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General Aztecs Maya Tocuaro Kids Contact 20 Feb 2017/5 Wind
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Professor Felipe Fernández-Armesto

What did the Spanish do after the native population collapsed [in the century after the Conquest]? asked Crosshall Junior School. Read what Professor Felipe Fernández-Armesto had to say.

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Spear throwers

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As they fought their way across Tenochtitlan, the Aztec capital, Cortés and his Spaniards were harassed by showers of arrows and light ‘javelins’: ‘It was as if a layer of yellow cane was spread over the Spaniards’.
The ‘javelins’ were actually light spears thrown with a weapon new to the Europeans. A stick the length of a man’s arm, with a grip at one end and a hook to engage the spear at the other, these spear throwers were called atlatl in the Nahuatl language of the Aztecs.
The ‘arm’ of the long atlatl allowed a thrower to fling a light spear much farther and faster than by hand alone. Tipped with a sharp point of obsidian, bone, or hardened wood, these spears were dangerous weapons.
Though bows and arrows had replaced atlatls in many parts of the world, the atlatl was an ancient and still important weapon in the Americas when the Spanish arrived.
Aztec battles often began with a barrage of arrows and atlatl spears, before the warriors closed in with ‘macuahuitl’s, wooden swords edged with razor-sharp obsidian.
The few Aztec atlatls that survive are highly decorated - like this one in the British Museum. Beautifully carved and decorated with gold, it’s still usable! Did you know there are over 70 events involving atlatl competitions every year in the USA? Sports featuring ancient technology are becoming ever more popular...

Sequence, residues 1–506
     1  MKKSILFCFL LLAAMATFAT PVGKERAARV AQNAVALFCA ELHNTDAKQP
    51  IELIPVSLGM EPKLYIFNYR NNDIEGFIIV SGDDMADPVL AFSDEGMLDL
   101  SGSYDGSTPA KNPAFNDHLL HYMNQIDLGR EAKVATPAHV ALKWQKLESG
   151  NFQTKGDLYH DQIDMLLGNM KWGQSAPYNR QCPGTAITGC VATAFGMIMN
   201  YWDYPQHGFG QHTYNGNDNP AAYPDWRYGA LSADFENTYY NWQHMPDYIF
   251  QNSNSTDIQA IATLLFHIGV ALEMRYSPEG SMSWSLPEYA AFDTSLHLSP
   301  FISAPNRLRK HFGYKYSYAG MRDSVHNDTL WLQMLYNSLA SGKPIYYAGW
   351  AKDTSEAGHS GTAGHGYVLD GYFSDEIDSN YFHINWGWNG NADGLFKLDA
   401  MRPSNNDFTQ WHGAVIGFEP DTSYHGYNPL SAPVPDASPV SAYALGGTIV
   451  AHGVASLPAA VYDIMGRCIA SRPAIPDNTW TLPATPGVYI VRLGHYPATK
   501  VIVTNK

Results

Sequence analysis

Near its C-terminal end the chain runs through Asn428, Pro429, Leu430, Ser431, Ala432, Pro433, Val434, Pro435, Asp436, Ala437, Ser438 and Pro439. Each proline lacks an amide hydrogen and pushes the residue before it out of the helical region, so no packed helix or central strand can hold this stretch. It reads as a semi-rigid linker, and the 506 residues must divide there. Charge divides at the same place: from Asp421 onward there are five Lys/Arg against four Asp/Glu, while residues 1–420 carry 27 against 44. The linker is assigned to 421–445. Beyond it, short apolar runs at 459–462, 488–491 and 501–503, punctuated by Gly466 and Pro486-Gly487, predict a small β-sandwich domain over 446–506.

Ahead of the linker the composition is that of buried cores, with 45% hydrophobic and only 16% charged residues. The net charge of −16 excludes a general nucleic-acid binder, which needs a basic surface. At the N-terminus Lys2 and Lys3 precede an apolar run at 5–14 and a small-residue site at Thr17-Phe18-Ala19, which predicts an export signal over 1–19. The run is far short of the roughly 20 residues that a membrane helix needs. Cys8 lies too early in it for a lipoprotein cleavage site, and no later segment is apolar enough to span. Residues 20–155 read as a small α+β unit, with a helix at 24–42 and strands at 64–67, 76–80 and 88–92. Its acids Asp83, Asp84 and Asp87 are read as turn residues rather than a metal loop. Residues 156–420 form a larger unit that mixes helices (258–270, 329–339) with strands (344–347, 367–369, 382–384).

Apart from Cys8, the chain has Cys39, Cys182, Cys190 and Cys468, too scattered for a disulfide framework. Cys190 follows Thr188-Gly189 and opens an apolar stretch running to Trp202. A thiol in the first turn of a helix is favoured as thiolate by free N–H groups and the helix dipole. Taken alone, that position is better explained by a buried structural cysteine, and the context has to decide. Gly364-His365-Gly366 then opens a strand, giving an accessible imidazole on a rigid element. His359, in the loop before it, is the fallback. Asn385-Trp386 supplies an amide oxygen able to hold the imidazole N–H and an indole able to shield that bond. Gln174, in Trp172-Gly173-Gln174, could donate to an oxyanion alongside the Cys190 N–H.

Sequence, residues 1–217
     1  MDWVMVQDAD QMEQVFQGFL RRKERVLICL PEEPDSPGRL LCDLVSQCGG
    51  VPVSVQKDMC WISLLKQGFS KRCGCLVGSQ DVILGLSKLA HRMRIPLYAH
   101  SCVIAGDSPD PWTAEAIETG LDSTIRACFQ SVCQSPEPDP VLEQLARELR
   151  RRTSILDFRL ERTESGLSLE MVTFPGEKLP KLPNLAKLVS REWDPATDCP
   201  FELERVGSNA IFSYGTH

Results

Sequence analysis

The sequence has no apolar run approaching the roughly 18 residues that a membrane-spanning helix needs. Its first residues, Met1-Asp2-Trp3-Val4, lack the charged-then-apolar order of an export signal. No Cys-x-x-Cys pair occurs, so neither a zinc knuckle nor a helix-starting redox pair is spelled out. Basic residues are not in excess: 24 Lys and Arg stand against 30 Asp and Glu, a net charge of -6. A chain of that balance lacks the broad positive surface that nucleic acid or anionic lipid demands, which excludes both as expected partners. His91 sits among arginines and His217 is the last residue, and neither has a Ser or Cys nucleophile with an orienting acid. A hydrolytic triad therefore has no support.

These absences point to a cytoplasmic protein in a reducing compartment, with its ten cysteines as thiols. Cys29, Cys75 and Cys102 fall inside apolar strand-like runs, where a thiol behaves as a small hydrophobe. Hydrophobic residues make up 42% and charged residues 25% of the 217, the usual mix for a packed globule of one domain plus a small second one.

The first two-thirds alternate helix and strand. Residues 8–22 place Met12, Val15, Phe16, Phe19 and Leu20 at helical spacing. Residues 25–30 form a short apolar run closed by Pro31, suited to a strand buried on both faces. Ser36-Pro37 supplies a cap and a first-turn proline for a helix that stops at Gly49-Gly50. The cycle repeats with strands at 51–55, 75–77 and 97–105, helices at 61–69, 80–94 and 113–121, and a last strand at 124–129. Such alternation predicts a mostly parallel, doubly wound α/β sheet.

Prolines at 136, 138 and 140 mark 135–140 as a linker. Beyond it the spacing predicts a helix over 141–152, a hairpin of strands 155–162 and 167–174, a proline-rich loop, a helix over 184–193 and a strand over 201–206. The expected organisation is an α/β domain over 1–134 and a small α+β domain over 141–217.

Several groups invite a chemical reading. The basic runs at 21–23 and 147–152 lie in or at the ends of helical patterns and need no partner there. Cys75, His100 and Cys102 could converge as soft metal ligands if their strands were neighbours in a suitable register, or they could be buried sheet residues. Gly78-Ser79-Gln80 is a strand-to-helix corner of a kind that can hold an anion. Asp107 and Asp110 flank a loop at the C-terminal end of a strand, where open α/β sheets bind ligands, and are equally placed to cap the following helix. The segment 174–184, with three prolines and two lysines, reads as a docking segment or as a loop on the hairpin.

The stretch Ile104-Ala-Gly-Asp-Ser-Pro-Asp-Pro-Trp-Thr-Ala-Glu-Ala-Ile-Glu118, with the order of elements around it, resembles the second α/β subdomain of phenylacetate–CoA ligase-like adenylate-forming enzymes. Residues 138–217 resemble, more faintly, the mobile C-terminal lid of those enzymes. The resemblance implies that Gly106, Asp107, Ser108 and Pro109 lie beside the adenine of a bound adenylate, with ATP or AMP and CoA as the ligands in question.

emoticon Overheard as an Aztec soldier re-joined his troops after chasing an enemy warrior over a hill with his spear: ‘Got him - atlatlast!!’

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Article more suitable for mature students

John Whittaker throwing a dart with an atlatl

The Aztecs and the atlatl

This article has kindly been specially written for us by John Whittaker, Professor of Anthropology at Grinnell College, Iowa, USA. Professor Whittaker is on the Board of Directors of the World Atlatl Association.

Pic 1: Conquest scene from the Codex Zouche-Nuttall, folio 75
Pic 1: Conquest scene from the Codex Zouche-Nuttall, folio 75 (Click on image to enlarge)

As they fought their way across Tenochtitlan, the Aztec capital, Cortez and his Spaniards were harassed by showers of arrows and light spears. So heavy was the hail of weapons that one of the chronicles says “The Mexicas furiously hurled their javelins. It was as if a layer of yellow cane was spread over the Spaniards.” What the chronicle described as “javelins” were actually light spears thrown with a weapon new to the Europeans. A stick the length of a man’s arm, with a grip at one end and a hook to engage the spear at the other, these spear throwers were called atlatl in the Nahuatl language of the Aztecs. The leverage of the long atlatl allowed a thrower to fling a light spear much farther and faster than by hand alone. Tipped with a sharp point of obsidian, bone, or hardened wood, these spears (usually called darts by atlatlists today) were dangerous weapons. It is frequently claimed that they would have penetrated metal armor. This is not true, but most of the Spaniards would have worn lighter chain mail or leather and padded cotton armor similar to that of the Aztecs, and Garcilaso de la Vega, a veteran of Indian fights in Peru and Florida, complained that atlatl darts would pass clear through a man.